10 man loot had always been distributed using /roll, whereas 25 man loot was DKP-based.  But since we weren’t doing 25 mans, it didn’t make sense to continue in this vein, so I suggested using EP/GP.  The same officer who had pushed Group Calendar on us liked the idea, but he couldn’t put it into action because he couldn’t edit the guild information panel.

The GM was the only person who was able to withdraw items from the guild bank tab where we stored our enchanting materials, so no raiders were able to get any enchants until an officer started storing the sharded results of our runs in his personal bank.

Eventually, all but two officers left the guild.  Unfortunately, one who left was the one who “owned” the events on the raid calendar.  When he /gquit, all the events (which were being scheduled several weeks in advance) disappeared.  The officers who remained scheduled the events for the next day after the current raid finished.  Anyone who has used Group Calender for any length of time knows that this doesn’t work because events don’t get distributed widely enough.

The events that were on the calendar had inconsistent times – sometimes the event showed invite times, sometimes it showed pull times.  Our long-held schedule of starting early on Sunday was scrapped without any formal notification.  Members changed mains without going through the posted process.  Only one person in the guild had the ability to edit officer notes (the other couldn’t run any more addons due to his computer), so if he wasn’t present, we couldn’t do loot properly.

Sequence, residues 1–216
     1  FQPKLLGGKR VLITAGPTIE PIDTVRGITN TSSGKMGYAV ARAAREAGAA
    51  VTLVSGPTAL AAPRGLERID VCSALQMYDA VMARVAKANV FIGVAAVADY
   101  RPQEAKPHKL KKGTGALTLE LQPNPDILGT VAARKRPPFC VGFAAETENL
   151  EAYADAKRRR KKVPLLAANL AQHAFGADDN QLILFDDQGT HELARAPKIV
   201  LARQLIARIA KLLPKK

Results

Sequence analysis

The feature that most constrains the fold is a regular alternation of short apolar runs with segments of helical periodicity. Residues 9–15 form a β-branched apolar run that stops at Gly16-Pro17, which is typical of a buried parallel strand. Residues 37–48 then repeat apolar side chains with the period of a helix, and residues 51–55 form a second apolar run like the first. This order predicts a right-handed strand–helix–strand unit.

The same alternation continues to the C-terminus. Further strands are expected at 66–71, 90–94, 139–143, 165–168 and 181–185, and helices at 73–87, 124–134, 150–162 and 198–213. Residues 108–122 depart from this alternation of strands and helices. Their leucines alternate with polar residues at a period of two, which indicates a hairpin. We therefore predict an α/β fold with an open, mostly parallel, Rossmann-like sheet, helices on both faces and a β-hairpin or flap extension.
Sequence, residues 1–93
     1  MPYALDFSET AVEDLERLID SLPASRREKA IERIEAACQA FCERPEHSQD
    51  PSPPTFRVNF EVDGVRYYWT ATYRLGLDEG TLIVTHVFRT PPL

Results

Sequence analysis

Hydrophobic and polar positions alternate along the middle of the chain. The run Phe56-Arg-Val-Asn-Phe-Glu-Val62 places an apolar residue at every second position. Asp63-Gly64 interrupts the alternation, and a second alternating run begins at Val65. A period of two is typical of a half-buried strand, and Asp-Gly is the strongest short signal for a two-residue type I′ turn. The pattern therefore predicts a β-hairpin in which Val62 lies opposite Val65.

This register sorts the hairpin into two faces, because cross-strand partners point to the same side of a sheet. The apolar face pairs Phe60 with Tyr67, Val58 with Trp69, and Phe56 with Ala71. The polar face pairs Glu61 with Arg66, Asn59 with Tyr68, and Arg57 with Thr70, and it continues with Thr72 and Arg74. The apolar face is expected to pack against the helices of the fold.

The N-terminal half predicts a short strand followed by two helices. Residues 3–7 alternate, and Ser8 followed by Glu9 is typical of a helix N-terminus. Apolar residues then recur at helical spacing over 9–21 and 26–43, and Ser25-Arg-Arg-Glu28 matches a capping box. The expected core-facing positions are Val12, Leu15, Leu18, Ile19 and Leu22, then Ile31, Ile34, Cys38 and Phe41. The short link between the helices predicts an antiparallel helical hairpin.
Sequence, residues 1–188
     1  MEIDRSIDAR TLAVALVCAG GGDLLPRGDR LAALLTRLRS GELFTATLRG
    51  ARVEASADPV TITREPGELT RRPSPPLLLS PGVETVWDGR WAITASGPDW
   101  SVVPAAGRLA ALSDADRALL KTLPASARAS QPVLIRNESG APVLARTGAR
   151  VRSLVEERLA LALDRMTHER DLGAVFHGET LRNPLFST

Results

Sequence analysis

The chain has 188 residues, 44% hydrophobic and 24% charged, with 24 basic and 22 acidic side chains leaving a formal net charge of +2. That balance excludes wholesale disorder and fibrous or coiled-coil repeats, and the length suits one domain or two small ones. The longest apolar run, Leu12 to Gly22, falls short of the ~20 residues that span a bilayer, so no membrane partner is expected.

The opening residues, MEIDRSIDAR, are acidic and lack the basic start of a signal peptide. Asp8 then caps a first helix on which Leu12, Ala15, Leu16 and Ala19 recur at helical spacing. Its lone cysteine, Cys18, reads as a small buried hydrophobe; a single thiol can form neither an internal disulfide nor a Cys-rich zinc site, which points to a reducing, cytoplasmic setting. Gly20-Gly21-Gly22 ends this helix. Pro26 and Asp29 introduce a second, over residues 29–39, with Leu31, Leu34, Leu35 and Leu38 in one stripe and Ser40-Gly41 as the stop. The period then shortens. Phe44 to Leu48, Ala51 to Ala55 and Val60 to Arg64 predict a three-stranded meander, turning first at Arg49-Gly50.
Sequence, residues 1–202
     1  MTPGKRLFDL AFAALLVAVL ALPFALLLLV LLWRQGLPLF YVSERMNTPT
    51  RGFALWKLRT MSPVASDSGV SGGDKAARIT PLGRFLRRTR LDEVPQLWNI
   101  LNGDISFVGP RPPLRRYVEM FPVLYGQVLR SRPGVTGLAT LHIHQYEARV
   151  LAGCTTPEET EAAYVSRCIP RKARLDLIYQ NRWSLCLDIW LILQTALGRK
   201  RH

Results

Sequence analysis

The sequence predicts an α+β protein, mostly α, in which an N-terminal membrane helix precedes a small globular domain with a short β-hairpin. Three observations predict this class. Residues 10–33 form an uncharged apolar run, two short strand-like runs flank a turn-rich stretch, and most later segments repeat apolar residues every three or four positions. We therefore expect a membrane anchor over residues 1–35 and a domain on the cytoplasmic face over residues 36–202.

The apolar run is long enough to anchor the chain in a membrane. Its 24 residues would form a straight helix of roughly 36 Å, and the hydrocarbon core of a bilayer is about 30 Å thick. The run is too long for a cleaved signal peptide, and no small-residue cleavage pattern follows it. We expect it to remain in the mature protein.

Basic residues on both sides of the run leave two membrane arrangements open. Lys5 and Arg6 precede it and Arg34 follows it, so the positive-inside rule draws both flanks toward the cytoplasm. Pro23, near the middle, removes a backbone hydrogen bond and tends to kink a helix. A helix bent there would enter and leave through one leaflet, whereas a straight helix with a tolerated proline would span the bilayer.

In short, things fell apart because the GM didn’t provide enough power to the officers to run the guild efficiently in his absence.  The party line from officers was basically “when the GM returns, everything will go back to normal”.  Rather than trying to keep the guild going themselves, they sat by and watched what was a fairly successful MH/BT heroic raiding guild in TBC reduced to an Ulduar-10 guild that had to bring in non-raiders who couldn’t be bothered to read strategies.  Raider morale suffered.

How Things Should Have Happened

Looking back, there were many things that should have happened differently to prevent this mess, and most are steps that should have been taken by the guild leader in advance of life asking him to take a break.

Most importantly, the guild leader should have given the officers the responsibility for running the guild in his absence, not just for keeping the seat warm.  There’s a subtle difference.  Guilds are dynamic things.  Policies need to be modified to adapt to changing circumstances.

There’s nothing wrong with changing a policy, but there is a problem with changing it and not telling anyone.  The officers were left in a tough position here – they couldn’t update the “public” copy of the policy, even though they knew that it didn’t reflect reality.  This lead to confusion and anger among the members when it appeared that unilateral decisions were being made.

Instead, the guild leader allowed himself to be put up on a pedestal, and when he returns he’ll have a much smaller guild that he must attempt to rebuild to its former glory.  Unfortunately, he’ll probably repeat all of the same mistakes.